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Montreal’s new mass-transit system fails first morning rush hour test

Service for the Réseau express métropolitain was halted due to a technical problem on Monday, the first rush-hour test for Montreal's largest public transit project in decades.

Trains could be seen at a standstill on tracks near Champlain Bridge

Trains not moving.

The Réseau express métropolitain, Montreal's newest mass-transit system, has had to halt service in both directions during its first rush-hour commute on Monday, forcing passengers to get off the trains and triggering the service's emergency backup plan.

Shortly after 9 a.m., the REM put out a notice on social media that service was going to resume gradually.

The southern branch of the REM, which links downtown Montreal to Brossard on the South Shore was inaugurated on Friday.

Just before 8 a.m., the driverless trains stopped running, and according to a message relayed to commuters, the delay was due to a "technical problem."

Several trains at a standstill could be seen on the tracks near the Champlain Bridge.

At the time, riders were told the delay would last approximately 20 minutes.

Service began gradually resuming after 15 minutes, but it appears the kinks were still not ironed out and passengers exited the trains.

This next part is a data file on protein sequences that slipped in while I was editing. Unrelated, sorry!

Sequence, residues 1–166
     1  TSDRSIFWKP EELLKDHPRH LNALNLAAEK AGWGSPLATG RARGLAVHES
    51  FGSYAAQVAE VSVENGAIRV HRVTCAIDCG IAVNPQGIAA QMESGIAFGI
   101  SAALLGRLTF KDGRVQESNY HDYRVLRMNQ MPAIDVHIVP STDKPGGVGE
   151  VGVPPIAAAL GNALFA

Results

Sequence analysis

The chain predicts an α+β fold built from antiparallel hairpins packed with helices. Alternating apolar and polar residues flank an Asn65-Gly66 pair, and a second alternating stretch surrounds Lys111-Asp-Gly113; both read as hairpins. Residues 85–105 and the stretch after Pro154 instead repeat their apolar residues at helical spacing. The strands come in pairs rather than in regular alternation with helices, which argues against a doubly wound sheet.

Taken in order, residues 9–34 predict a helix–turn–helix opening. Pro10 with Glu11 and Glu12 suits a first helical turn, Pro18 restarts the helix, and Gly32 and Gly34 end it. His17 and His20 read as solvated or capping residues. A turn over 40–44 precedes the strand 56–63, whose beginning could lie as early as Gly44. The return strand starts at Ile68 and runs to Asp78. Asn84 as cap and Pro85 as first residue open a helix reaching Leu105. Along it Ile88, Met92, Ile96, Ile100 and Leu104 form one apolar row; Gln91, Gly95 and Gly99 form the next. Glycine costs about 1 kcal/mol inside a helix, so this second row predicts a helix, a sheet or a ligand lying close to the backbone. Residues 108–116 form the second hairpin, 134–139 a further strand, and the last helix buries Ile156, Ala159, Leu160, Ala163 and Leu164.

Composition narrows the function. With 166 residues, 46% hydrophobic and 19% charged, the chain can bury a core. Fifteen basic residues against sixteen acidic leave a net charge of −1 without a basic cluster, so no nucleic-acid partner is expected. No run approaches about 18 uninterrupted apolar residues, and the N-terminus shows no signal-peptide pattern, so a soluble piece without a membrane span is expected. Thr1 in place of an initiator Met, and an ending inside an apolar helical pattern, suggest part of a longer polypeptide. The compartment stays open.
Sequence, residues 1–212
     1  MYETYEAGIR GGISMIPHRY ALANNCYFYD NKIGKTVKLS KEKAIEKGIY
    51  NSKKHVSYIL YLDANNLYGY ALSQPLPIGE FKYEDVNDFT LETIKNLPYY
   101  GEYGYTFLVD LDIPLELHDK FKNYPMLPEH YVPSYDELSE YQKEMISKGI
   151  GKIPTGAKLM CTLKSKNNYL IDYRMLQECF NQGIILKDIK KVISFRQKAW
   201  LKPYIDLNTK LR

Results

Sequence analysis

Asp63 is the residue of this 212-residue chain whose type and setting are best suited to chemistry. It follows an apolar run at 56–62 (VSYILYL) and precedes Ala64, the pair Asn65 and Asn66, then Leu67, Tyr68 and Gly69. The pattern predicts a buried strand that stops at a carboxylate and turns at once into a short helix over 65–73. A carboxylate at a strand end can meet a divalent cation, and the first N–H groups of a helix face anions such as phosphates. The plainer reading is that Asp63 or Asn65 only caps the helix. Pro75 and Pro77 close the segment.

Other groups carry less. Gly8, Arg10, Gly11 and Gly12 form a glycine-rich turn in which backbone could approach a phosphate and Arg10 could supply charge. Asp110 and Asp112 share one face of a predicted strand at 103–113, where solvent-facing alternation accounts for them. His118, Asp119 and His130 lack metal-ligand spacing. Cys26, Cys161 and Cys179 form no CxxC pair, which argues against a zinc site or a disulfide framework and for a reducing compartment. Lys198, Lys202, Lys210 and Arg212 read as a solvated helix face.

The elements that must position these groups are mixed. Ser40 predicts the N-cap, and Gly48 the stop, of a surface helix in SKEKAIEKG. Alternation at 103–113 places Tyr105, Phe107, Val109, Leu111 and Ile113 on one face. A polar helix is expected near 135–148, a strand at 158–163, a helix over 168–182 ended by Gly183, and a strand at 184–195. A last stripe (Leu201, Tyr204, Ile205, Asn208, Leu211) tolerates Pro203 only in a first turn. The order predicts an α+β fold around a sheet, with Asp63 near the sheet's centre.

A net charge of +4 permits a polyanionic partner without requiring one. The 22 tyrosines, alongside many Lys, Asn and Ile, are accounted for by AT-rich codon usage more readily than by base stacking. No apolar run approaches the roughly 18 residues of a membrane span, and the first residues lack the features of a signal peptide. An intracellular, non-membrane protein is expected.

Shuttle buses were deployed to take riders from the Panama station on the South Shore and the Gare Centrale station downtown.

Lacroix says the trains will continue to run between Brossard, the branch's southern terminus, and the Panama station, which is also on the South Shore.

"That's to bring people to the Panama station, where the contingency plan [with shuttle bus service] begins," he told Radio-Canada.

Tens of thousands of Montrealers tested out the new trains during the weekend, as the rides were free.

WATCH | Want to try the REM? Here's how:

A beginner’s guide to riding Montreal's REM

3 days ago

Duration 3:50

The hype is real. It’s finally here. Watch this before hopping on board.


Antoni Nerestant


Antoni Nerestant is a journalist at CBC Montreal.

    With files from Radio-Canada and Jennifer Yoon

    Credit belongs to : www.cbc.ca

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